The Office works this way as well. They create an illusion or a reality for us to expect and then once we’ve accepted that reality, they defy it in subtle ways. To understand the appeal of The Office, you have to understand what a documentary is expected to do. Documentaries have a sort of claim on the truth. When you watch a documentary, you are expecting to see the truth. In that way, we accept that these characters are real people and that is further accentuated by the actors’ natural delivery. We come to accept them as real and normal people and we expect them to do normal things simply because we expect humans to act normally. Then, when they do outrageous things or act like idiots, it’s all the funnier.

Perhaps it is just my bias because I like to do satire and parody work, but I feel that to create a truly funny show, you must be breaking expectations that you set up and/or reinforce. To create and defend those expectations until the very last instant when they are completely shattered is what creates a trully funny show.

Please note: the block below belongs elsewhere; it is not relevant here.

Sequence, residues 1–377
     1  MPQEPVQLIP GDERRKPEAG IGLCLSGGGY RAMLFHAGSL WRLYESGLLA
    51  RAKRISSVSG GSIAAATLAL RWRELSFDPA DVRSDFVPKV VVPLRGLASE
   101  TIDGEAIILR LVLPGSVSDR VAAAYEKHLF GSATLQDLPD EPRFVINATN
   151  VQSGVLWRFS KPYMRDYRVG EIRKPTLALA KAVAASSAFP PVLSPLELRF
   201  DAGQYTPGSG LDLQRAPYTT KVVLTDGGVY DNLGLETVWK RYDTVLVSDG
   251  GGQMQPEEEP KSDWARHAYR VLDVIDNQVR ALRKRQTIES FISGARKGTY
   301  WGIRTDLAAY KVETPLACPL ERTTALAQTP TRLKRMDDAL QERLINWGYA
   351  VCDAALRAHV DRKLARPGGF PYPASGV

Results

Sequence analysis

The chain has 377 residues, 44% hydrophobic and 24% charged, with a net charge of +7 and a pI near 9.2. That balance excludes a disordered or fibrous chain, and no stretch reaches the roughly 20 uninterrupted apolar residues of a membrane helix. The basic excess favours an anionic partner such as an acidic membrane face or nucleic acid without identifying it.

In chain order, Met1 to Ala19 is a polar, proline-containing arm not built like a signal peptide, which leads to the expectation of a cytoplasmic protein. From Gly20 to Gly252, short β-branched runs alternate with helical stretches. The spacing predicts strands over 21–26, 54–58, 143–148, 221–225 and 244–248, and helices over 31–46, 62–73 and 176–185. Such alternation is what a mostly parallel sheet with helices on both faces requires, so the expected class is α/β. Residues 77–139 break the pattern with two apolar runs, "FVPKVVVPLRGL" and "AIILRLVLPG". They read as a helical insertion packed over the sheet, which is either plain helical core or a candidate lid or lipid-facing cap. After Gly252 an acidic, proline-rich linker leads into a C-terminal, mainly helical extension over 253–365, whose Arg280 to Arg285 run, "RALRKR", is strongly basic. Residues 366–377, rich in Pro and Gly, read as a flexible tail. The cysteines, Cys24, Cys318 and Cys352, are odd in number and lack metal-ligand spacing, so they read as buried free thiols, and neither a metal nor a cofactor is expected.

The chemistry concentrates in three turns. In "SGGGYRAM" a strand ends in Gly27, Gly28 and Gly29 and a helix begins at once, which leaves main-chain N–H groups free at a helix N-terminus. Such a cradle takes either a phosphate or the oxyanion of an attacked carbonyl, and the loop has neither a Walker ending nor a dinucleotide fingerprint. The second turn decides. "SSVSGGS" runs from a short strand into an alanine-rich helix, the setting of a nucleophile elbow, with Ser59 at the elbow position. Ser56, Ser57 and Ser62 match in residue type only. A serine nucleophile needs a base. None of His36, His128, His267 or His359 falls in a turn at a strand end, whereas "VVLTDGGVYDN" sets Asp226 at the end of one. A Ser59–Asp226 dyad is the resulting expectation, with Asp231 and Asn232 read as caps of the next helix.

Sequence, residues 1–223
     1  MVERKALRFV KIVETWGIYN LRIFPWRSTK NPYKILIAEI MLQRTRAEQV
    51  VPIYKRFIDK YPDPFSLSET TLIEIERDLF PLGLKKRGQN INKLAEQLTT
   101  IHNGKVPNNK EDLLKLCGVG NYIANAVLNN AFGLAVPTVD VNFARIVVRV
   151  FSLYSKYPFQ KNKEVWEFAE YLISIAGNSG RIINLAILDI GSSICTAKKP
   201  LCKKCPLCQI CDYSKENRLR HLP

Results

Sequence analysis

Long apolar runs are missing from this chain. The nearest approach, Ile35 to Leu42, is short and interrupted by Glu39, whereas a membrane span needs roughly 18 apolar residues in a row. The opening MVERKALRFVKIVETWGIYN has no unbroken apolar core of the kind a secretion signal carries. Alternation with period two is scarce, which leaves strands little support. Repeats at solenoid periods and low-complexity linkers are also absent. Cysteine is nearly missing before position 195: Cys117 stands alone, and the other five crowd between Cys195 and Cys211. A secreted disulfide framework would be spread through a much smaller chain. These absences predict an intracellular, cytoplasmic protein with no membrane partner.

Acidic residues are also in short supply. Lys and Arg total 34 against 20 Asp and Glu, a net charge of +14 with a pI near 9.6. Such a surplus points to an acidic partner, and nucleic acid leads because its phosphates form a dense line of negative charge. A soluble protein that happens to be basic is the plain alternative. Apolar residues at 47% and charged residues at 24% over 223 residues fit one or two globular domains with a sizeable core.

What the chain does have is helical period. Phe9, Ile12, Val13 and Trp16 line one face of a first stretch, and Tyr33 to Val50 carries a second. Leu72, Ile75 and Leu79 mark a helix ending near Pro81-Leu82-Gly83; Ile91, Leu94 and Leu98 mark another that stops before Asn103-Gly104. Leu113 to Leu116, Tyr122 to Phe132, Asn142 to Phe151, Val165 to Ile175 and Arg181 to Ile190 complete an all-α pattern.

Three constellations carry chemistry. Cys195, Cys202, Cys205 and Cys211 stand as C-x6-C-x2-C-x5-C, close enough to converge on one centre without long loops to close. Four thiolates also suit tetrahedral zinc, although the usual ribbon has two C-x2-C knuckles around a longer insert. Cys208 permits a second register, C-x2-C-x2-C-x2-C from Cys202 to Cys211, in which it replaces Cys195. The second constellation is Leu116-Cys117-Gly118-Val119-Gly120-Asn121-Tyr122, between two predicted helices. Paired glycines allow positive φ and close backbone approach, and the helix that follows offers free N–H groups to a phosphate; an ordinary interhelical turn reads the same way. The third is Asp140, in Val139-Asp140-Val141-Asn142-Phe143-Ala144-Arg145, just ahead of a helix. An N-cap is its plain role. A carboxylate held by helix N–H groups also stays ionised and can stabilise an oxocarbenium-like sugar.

PS: I finished the animated logo for Insanity Studios Inc. and it looks, sounds and feels damn good. It’ll be in front of my next video, which will be a trials video. Keep an eye out for it in this space.

Jun 232006
 

Futurama will be returning with 13 episodes in 2008. Let the rain of Futurama quotes fall!

Onto the real update. Watch out, this is a LONG one. Came in at about 1,100 words. That’s longer than most of my assignments this year!

I’ve been MIA in the past three-four weeks, so I suppose it’s time for an update. I don’t wanna get into it, but the bottom line is about this: I told my conservative Pakistani parents that I want to become a writer/filmmaker (a big nono) and I also mentioned that I wanted to move out and learn to support myself (a bigger nono). Obviously they’re not happy about this and have interfered with my work, including writing this blog, but I’m getting back to working now.

I’m not planning on writing 500 words about that though. I wanted to talk about an experiment I did. I tested out certain things for 30 days and saw how they affected my life. In this 30-day trial I attempted to determine the effects of waking up at the same time each day (including weekends), regular excersize, better diet, setting goals, using task lists and setting up a sort of "work day".